Pittsburgh Penguins' 5 Biggest Questions Ahead of the Olympic Break
The NHL will take several weeks off starting this weekend due to the Winter Games taking place in Sochi. While most of the best players in the world will be heading to Russia to participate in the Olympics, the freeze in action is an interesting wrinkle in the league's regular season.
Teams won't resume play until the end of February, giving players a miniature summer vacation. This could help some squads, as players will have time to heal and get healthy, while it could cause problems for some of the streakier teams in the NHL.
The time off will also create a bit of a lull for fans of particular teams, but there are still a few things worth pondering over the coming weeks while the likes of Sidney Crosby, Paul Martin and Evgeni Malkin do battle for a Gold Medal.
All statistics appear courtesy of NHL.com and are accurate up to games played on February 4.
Is There Enough Scoring Depth Right Now?
There's no question about what Sidney Crosby, Evgeni Malkin and James Neal bring to the ice every night. They're among the best players in the NHL, and they rarely hit the skids to the point where they're ineffective. They can't do it all by themselves though.
One of the bigger concerns for the Penguins moving forward is scoring depth. When they were taking back-to-back runs to the Stanley Cup Final, they had arguably the best third line in hockey.
Jordan Staal's presence gave opposing coaches matchup nightmares and freed up some space for No. 87 and 71. That's a tough luxury to afford though, and Pittsburgh's ability to score with bottom-six players has seemingly dried up this season.
Is that a trend that the team can survive?
It's impossible to say for sure, but the Penguins need more from the likes of Brandon Sutter (nine goals), Chuck Kobasew (two goals) and Joe Vitale (one goal) to survive in the postseason.
If they can't collectively pick up their games, then general manager Ray Shero will have to make some changes before the deadline.
Will the Team Be Deadline Buyers?
If the trade deadline were WrestleMania, Ray Shero would be the Undertaker. The man lives for the event and is among the best when it comes to rounding out his team for a Stanley Cup run. No move or set of trades guarantees a Cup, but Shero always puts the Penguins in the best position possible.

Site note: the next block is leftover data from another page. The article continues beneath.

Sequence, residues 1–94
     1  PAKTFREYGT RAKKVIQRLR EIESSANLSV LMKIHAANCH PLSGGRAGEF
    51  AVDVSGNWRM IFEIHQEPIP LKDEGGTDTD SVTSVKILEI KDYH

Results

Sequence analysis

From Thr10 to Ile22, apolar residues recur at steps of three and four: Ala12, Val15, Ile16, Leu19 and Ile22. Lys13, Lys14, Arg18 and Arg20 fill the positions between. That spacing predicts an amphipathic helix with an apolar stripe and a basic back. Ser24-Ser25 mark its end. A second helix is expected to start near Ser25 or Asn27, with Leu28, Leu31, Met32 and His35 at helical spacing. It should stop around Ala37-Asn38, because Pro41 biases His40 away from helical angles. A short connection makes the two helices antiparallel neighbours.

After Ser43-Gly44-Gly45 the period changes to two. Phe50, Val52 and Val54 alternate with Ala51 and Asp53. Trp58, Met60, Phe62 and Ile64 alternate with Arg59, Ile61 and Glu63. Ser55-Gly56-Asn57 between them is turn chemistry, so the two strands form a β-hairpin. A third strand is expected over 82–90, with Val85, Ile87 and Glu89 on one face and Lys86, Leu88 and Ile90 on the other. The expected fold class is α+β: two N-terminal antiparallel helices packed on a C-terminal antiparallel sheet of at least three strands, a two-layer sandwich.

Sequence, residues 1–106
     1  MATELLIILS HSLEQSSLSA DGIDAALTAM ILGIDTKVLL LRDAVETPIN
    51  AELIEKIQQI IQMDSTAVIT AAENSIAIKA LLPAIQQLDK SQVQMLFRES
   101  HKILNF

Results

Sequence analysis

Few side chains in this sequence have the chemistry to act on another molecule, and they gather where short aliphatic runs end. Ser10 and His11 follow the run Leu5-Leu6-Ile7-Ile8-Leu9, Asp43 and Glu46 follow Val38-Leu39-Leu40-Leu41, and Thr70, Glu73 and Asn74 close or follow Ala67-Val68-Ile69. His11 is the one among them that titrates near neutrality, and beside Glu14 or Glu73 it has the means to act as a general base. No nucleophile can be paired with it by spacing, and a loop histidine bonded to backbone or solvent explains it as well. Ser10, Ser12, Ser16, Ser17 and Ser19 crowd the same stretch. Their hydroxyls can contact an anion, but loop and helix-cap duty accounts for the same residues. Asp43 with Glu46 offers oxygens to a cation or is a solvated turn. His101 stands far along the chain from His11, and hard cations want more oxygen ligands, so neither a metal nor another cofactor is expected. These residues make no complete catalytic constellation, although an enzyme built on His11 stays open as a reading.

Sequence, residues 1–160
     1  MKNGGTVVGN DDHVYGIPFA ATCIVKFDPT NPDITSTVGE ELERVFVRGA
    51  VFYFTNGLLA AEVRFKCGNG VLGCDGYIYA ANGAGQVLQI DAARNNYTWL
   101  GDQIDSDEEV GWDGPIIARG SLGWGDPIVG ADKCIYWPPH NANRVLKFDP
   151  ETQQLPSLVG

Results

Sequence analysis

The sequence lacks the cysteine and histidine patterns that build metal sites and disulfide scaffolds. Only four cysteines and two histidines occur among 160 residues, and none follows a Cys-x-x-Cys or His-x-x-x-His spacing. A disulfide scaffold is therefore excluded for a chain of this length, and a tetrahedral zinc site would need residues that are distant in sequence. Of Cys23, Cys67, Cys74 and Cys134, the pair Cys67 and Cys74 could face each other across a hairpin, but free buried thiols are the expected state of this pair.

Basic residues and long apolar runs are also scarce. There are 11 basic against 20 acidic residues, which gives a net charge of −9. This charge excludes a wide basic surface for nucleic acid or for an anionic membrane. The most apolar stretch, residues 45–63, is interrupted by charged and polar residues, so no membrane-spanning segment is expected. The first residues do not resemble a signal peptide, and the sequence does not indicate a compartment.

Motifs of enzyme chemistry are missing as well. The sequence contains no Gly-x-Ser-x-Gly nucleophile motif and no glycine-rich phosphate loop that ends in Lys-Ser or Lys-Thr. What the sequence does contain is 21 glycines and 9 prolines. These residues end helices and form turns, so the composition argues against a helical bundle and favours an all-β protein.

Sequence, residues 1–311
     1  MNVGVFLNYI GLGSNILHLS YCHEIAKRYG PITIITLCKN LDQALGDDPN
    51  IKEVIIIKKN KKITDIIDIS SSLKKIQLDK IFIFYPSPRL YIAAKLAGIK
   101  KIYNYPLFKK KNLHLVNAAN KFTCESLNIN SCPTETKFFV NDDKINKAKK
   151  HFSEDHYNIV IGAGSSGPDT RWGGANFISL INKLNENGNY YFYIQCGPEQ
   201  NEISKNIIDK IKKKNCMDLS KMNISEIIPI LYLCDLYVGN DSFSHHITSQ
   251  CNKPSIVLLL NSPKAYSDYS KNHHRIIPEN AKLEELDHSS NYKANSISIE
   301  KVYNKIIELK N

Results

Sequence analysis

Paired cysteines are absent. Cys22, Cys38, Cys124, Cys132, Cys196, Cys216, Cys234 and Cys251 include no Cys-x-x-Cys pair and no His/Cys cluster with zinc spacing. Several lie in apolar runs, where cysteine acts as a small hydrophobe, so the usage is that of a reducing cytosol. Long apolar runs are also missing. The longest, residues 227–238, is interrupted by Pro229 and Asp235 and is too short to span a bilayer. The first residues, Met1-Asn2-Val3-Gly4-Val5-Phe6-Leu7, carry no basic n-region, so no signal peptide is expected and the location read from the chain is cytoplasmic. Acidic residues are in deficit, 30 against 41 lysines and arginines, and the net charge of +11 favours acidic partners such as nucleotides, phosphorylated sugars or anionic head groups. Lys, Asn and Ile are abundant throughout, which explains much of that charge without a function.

What does he have up his sleeve this season then?
The number of names that are reportedly available as rental players seems to grow daily. From Matt Moulson and Thomas Vanek to Marian Gaborik, there are some real gems to be had leading up to the deadline.
Will Shero be able to land one of these big fish? Or would he prefer to flesh out the depth positions? He can seemingly do one or the other, but it isn't likely that he'll be able to fix both problems with external Band-Aids.
With Pascal Dupuis likely done for the season, he's in need of a top-line scoring threat. That is, of course, unless Beau Bennett can emerge as a top-six forward.
Can Beau Bennett Make an Impact?
The Penguins don't have a more highly touted forward prospect than Beau Bennett. This was supposed to be the season where he made the transition from "could be" to "is," but that hasn't worked out yet.
To this point, Bennett has only played in 12 games due to injury, but he should be ready to return from wrist surgery after the Winter Games are over. With Dupuis gone, head coach Dan Bylsma has been playing musical winger on Sidney Crosby's right side.
Will Bennett be able to plug that position?
That question could be the most important one for Pittsburgh prior to the deadline. If he can step into a top-six role and score some goals, then maybe Shero doesn't have to sell off prospects to acquire a guy like Matt Moulson.
If he can't, then the manager's hands could be tied. Pittsburgh needs a winger to lock down a top-line role, and Bennett is the only legitimate in-house option right now.
Can Marc-Andre Fleury Keep on Chugging?
Marc-Andre Fleury has been a workhorse for the Penguins this season. The plan to have him in a bit of a timeshare with Tomas Vokoun went off the rails early on, and the 29-year-old has played a lot of hockey since.
His 45 games played ranks fifth in the NHL, as does his 2,670 minutes of game time.
Those are gaudy numbers that will only get bigger once the regular season resumes in a few weeks. The break presents a unique chance for a No. 1 goalie like Fleury to rest up and get fresh, and it will be interesting to see if Dan Bylsma continues to roll his top guy out at this frequency.
Backup netminder Jeff Zatkoff has played in three games in each of the last two months. As the playoffs near, will Fleury get more of a breather? Or will this Olympic break be the only repose that he needs?
Will There Be a Letdown from Non-Medal Winners?
No one is heading to the Olympics to lose. The Penguins are sending players to several of the most competitive teams, and the United States, Canada, Finland and Russia all have legitimate shots at taking a Gold Medal.
International tourneys like this are incredibly emotional, with a playoff-like atmosphere that is infused with national pride. Players love having the opportunity to wear their nation's crest and have a strong desire to represent their home countries as well as possible.
In defeat, it's impossible to not feel disappointed and let down. Is that something that will impact Pittsburgh's Olympians upon returning to NHL play? Will the players have spent too much of their intensity just a few weeks before the playoffs?
These guys are all professionals, but it's certainly something worth keeping in mind once the season gets going again.
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